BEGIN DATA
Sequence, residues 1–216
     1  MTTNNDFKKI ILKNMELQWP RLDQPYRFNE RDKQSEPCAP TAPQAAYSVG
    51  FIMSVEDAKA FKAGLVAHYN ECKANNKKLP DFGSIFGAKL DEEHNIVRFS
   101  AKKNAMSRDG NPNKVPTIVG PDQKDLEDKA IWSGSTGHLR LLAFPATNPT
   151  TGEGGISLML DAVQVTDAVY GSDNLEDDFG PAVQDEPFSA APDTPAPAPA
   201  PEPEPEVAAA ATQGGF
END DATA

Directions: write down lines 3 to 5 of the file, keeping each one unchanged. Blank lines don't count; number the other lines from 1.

    51  FIMSVEDAKA FKAGLVAHYN ECKANNKKLP DFGSIFGAKL DEEHNIVRFS
   101  AKKNAMSRDG NPNKVPTIVG PDQKDLEDKA IWSGSTGHLR LLAFPATNPT
   151  TGEGGISLML DAVQVTDAVY GSDNLEDDFG PAVQDEPFSA APDTPAPAPA